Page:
FOR THE FOOD LOVERS LIKE MYSELF. MY LOVE OF FOOD CAME FROM A LONG HISTORY OF UPS AND DOWNS AND THE NEED TO BE ABLE TO TASTE SOME REAL INGREDIENTS. THIS IS THE MY FIRST ENTRY TO THE LOVE OF FOOD WHERE ILL BE SHARING MY BEST AND MY WORST INTRODUCTIONS TO MEAL TIMES.

I’d like to share my age but for obvious reasons that secret is best kept – as the saying goes, it’s rude to ask lady her age. For you true detectives, you may be able to hazard a guess from the timeline, but let’s just keep it to ourselves. I can disclose that I am the mother of ‘a blog by Sammy’ – who has encouraged me to share my love of food with others because that’s what I live for. For me cooking has given me a sense of comfort during lockdown, so here it goes my good and bad memories. My lifelong association with food.

Where do I begin?

So, this feels quite strange for me as my memory about food from about the age of 4 was not very good. To say I was a fussy eater would be an underestimation. Mainly I would survive on bread with blue band margarine – I would not eat butter (will explain later on). Crisps, cucumber, pickled onions, baked beans, tinned salmon, cheese, potatoes, peas, carrots, steak and fruit. Yes, you guessed it this was my complete diet!

Apparently it did not start like that as my Fathers mother would feed me lots of seafood my favourite being cockles and oysters?? Emma (my nan) would also cook me tripe and chitlin – WOW. Basically, anything she cooked. So, what went wrong? From recollection I think one of my relatives cooked a piece of pork for Sunday lunch and it had gone off and I was ill and that was it. I associated food with feeling unwell and I remember that I would always smell food before I ate it. So, I developed a really good sense of smell and could probably give a blood hound a good run for their money.

People used to laugh at me – not in a nasty way because I would sit down with a jar of pickle onions and a whole cucumber and eat the lot! At the time we lived in a local pub / Hotel and my mum who worries for a living was besides herself and took me to the GP who said as I appeared to be quite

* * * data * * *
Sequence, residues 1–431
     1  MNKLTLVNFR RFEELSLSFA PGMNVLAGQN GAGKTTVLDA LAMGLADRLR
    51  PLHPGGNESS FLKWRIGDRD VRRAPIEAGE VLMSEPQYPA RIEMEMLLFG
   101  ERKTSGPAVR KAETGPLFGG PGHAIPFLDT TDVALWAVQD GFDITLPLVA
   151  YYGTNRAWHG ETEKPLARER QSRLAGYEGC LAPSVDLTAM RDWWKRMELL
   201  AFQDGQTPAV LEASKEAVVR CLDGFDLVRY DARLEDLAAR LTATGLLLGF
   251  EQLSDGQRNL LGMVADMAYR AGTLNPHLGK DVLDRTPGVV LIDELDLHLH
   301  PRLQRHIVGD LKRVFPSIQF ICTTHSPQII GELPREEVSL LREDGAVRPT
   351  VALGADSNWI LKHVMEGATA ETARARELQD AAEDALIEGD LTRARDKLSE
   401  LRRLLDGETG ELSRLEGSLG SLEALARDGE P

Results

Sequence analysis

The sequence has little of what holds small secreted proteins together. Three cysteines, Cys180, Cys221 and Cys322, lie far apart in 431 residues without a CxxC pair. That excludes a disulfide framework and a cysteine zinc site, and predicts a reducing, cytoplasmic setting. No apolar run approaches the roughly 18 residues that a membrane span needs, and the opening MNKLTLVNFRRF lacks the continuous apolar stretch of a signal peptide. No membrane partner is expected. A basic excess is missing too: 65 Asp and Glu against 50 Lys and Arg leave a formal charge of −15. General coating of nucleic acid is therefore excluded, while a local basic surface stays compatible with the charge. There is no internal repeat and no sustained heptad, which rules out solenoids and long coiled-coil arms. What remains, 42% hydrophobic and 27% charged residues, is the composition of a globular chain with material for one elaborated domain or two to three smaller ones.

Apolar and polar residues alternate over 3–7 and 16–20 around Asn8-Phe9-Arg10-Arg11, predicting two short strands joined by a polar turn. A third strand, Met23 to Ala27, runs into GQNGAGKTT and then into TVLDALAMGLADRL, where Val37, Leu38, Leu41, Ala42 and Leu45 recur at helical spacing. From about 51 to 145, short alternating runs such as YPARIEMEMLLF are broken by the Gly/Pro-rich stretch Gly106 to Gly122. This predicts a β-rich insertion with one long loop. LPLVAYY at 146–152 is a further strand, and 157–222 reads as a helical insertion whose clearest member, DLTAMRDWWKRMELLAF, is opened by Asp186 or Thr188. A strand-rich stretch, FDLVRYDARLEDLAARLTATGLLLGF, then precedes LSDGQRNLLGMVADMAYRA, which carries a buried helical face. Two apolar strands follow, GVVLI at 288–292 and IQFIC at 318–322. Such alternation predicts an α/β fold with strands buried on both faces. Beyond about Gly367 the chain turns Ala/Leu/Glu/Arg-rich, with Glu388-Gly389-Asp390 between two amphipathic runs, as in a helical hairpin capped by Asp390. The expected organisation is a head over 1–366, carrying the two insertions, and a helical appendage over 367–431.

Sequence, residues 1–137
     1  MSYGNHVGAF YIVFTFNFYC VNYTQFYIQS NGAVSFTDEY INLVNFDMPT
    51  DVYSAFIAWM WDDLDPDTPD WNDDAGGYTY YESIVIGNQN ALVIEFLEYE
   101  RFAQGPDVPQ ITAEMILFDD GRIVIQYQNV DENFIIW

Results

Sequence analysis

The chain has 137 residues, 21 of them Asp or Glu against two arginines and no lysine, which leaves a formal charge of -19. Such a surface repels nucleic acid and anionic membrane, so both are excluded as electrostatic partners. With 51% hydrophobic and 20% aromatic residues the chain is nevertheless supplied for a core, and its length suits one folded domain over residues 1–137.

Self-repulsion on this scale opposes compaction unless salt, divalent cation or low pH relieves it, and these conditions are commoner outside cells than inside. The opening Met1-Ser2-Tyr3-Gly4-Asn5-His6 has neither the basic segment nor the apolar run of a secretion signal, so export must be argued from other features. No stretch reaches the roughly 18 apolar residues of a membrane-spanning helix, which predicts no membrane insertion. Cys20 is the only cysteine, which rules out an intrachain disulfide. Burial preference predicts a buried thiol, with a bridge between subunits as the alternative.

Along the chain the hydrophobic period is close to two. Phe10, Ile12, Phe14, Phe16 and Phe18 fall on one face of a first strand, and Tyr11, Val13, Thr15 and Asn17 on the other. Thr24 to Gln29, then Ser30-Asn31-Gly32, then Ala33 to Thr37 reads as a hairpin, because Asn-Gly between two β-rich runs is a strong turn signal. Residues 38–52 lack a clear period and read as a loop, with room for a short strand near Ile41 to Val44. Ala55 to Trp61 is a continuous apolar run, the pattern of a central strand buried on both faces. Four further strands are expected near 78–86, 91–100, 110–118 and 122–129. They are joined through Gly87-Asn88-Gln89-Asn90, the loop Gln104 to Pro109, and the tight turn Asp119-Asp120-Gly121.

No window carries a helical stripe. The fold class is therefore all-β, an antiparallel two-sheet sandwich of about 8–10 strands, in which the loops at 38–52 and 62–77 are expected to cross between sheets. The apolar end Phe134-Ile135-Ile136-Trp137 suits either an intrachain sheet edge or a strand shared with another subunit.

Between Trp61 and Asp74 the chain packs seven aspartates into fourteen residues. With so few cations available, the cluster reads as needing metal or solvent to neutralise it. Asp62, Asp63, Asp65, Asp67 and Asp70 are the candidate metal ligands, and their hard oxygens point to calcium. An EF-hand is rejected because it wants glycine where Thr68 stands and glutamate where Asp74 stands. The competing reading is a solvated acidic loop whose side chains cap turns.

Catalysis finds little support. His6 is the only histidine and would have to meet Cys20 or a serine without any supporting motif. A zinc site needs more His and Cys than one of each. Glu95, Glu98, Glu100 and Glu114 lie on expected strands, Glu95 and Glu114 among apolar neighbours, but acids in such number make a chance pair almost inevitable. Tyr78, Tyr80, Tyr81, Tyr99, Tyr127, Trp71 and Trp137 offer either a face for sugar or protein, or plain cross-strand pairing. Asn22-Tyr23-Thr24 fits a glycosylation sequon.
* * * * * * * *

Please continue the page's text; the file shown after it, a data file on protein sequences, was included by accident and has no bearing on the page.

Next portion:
healthy and I was eating something and to just let me eat what I wanted to. It did not stop her trying to tempt me with other food much to my dismay which probably made me more stubborn – not probably definitely – it is a child thing  especially when it was accompanied by you are not leaving the table until you have cleared your plate. As a consequence, teatime could be a very long-drawn-out affair – based on who would give in first ( it was not usually me as I said I was very stubborn).

Recipe for my home-made pickle onions. ( This is how I like them and it’s not to everyone’s taste!)

1 bag of pickling onions these are usually about 500grams. 

1 bottle of brown pickling vinegar

Table salt – a couple of handfuls

1 teaspoon of ginger spice (optional or you can use slices of fresh ginger leave skin on but wash).

Honey to taste. I usually add about 1 tablespoon per jar.

This is how I made them with my gran but we made them on an industrial scale… as it was then about 26lbs of pickles! (These were a traditional Christmas present for family members from my gran and loved by everyone!). I used gloves in the peeling process. I learnt to do this, otherwise I ended up with brown staining on my fingers and looked as if I smoked 20 woodbine a day. So, marigolds it was – other gloves are now available!

To make life easier and to stop your eyes from watering it is better to put the onions into a bowl of warm water when peeling them. Or a modern alternative is swimming googles, as preferred by Sammy – not me because I need my bloody glasses.

Once peeled put them in a glass/ceramic bowl or any bowl that will not take on the smell of the onions. I now cover them in salt and leave them over night. I also cover the bowl with a tea towel rather than clingfilm. Just tradition – no clingfilm around in those days. Hint, hint. This makes them crunchier.

While the onions are soaking in salt prepare the jars. I tend to use old jam/sauce jars. I either scald them with boiling water or if clean put them in the oven on a low heat, placing them on a baking tray and letting them cool. 

When ready rinse the salt off the onions and pack them tightly into the jar(s). I then tend to heat a small amount of the vinegar in a saucepan and add the ginger and honey and heat until it is melted. At this stage you could use thin slices of fresh ginger instead and just add it into the jars. I then add this mix to the rest of the vinegar and stir. This is then poured over the pickles and the jars are sealed and labelled ready to enjoy. 

Wait a few weeks for the vinegar to do it’s pickling magic, grab your cucumber and a fork for the now pickled onions, find yourself a comfy seat and enjoy!

Posted by:eastcottsammy

If you are feeling vulnerable this is a blog that shares those insecurities. We are here to open conversations about those difficult thoughts and feelings, we're also here to celebrate adventure, culture and all things fashion and food. From the start of the blog, we know have new writers, creatives and collaborators working with us.

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